Chinese chip manufacturer YMTC asks American employees to leave the company

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The result of US sanctions against China

In short: Chinese memory chip giant Yangtze Memory Technologies Corp (YMTC) is reportedly asking its American employees to leave the company due to new restrictions by the US government designed to suppress China’s ambitions in the field of semiconductor manufacturing.

Citing four people close to the firm, the Financial Times reports that an unspecified number of US citizens and green card holders are forced to leave YMTC, and some in China have already been shown the door.

It is said that some of the Americans who left played a key role in YMTC’s breakthroughs in the production of NAND memory chips. “But they have no other way out [they are leaving],” said a senior engineer at the company.

U.S. sanctions imposed earlier this month restrict the supply of American-made electronics or other goods that China can use to create tools or equipment for the production of chips. It also prohibits non-Chinese companies in other countries from using American equipment to serve Chinese customers unless the U.S. grants a license.

TSMC has already warned of “serious problems” facing the industry as a result of the US-China spat. Nevertheless, the Taiwanese firm has received a one-year license from the United States to continue ordering American equipment for the production of chips, which will allow it to expand in China.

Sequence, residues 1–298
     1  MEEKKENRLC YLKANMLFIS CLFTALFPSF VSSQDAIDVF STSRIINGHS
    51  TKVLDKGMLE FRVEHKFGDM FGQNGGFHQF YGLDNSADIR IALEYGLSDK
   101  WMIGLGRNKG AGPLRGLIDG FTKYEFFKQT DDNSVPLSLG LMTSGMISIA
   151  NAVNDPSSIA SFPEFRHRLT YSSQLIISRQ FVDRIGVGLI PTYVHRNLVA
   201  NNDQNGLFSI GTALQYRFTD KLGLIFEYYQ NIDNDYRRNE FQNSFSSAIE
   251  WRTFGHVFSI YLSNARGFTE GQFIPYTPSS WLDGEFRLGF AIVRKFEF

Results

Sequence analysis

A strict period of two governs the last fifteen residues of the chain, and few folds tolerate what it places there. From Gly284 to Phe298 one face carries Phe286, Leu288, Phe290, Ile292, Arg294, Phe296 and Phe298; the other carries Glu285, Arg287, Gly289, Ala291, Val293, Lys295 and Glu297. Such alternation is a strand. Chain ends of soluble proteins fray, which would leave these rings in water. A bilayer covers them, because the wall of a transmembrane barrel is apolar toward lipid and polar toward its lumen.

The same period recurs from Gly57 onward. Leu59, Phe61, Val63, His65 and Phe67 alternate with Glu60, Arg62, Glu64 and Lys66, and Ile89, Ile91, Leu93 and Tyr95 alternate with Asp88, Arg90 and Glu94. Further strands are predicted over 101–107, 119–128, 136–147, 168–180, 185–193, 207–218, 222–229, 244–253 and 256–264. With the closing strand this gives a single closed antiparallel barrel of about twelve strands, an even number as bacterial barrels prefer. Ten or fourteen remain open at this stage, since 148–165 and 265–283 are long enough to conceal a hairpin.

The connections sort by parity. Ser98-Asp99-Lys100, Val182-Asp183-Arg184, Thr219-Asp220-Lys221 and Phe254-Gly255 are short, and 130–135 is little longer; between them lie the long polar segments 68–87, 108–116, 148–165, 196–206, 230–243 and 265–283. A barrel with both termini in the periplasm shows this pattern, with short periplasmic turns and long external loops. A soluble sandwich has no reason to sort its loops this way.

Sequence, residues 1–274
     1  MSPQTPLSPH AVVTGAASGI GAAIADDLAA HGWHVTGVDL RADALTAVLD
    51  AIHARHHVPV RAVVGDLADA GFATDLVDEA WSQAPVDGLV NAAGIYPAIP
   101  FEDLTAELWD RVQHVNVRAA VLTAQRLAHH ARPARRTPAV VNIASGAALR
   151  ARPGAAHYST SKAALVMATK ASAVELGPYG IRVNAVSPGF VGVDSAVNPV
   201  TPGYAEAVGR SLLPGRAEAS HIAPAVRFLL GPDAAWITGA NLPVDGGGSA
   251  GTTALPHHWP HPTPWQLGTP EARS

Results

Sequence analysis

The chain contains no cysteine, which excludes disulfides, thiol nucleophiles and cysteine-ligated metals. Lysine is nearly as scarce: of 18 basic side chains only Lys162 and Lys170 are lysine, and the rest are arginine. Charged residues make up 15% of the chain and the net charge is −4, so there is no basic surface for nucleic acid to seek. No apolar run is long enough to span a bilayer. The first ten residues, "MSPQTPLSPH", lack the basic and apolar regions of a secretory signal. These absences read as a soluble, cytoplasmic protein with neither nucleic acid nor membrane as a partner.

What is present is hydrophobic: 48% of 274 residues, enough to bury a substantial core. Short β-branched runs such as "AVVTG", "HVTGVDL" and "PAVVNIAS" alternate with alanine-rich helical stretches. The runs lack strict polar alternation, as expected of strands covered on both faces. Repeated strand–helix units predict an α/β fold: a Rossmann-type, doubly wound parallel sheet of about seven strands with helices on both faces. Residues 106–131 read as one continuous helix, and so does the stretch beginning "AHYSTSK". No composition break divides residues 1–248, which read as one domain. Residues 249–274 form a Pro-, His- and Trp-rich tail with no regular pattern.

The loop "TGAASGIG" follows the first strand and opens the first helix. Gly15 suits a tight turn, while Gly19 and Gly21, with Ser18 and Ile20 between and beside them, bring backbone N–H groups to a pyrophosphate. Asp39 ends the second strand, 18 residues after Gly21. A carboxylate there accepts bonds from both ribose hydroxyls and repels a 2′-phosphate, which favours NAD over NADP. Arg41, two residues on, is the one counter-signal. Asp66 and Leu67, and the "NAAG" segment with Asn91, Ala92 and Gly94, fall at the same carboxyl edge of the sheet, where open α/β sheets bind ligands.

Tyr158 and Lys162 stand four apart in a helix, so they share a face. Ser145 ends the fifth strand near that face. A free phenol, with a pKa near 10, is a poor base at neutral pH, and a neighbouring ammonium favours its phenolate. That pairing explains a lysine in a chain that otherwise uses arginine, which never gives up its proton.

The restrictions also require U.S. citizens to obtain permission from the Commerce Department before providing support to Chinese factories. It is believed that this was the reason that YMTC executive director Simon Yang, a holder of an American passport, resigned to become vice chairman before the sanctions were announced. It is unclear whether he will be forced to leave the company.

“Asking employees to resign is necessary for the company and is also the right move for employees’ personal risk,” said a person familiar with the situation at YMTC.

“You either renounce your citizenship or quit your job,” said one Chinese semiconductor industry executive.

This was another blow for YMTC. There were reports that Apple was considering a Chinese company as a partner to supply 3D NAND chips for the latest iPhones, but US export controls forced Apple to rethink the situation.

The restrictions affect employees, including high-ranking officials, who will not give their American passports to any Chinese chip manufacturer, and companies are negotiating an exit and canceling job offers. “Now we are not just trying to create “US—free” production lines, but also de-Americanize teams,” said one of the executives.

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